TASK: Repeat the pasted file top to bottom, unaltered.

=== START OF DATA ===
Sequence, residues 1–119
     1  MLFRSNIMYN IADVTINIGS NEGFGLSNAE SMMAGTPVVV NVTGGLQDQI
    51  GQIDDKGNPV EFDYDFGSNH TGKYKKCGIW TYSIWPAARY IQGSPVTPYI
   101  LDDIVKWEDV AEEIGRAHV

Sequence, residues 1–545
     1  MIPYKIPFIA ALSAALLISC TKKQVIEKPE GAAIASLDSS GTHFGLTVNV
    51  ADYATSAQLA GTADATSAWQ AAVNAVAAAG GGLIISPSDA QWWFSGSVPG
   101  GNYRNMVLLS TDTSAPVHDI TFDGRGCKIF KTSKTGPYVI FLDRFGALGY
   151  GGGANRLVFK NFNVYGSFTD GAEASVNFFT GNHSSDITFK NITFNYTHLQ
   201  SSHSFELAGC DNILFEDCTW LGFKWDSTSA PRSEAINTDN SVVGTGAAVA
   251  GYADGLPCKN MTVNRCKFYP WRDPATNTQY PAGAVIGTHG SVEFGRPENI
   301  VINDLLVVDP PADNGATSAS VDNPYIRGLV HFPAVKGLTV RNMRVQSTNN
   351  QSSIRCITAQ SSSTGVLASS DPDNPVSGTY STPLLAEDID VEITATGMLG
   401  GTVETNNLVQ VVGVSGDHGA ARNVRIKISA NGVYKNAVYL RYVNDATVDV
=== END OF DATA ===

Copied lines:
Sequence, residues 1–119
     1  MLFRSNIMYN IADVTINIGS NEGFGLSNAE SMMAGTPVVV NVTGGLQDQI
    51  GQIDDKGNPV EFDYDFGSNH TGKYKKCGIW TYSIWPAARY IQGSPVTPYI
   101  LDDIVKWEDV AEEIGRAHV

Sequence, residues 1–545
     1  MIPYKIPFIA ALSAALLISC TKKQVIEKPE GAAIASLDSS GTHFGLTVNV
    51  ADYATSAQLA GTADATSAWQ AAVNAVAAAG GGLIISPSDA QWWFSGSVPG
   101  GNYRNMVLLS TDTSAPVHDI TFDGRGCKIF KTSKTGPYVI FLDRFGALGY
   151  GGGANRLVFK NFNVYGSFTD GAEASVNFFT GNHSSDITFK NITFNYTHLQ
   201  SSHSFELAGC DNILFEDCTW LGFKWDSTSA PRSEAINTDN SVVGTGAAVA
   251  GYADGLPCKN MTVNRCKFYP WRDPATNTQY PAGAVIGTHG SVEFGRPENI
   301  VINDLLVVDP PADNGATSAS VDNPYIRGLV HFPAVKGLTV RNMRVQSTNN
   351  QSSIRCITAQ SSSTGVLASS DPDNPVSGTY STPLLAEDID VEITATGMLG
   401  GTVETNNLVQ VVGVSGDHGA ARNVRIKISA NGVYKNAVYL RYVNDATVDV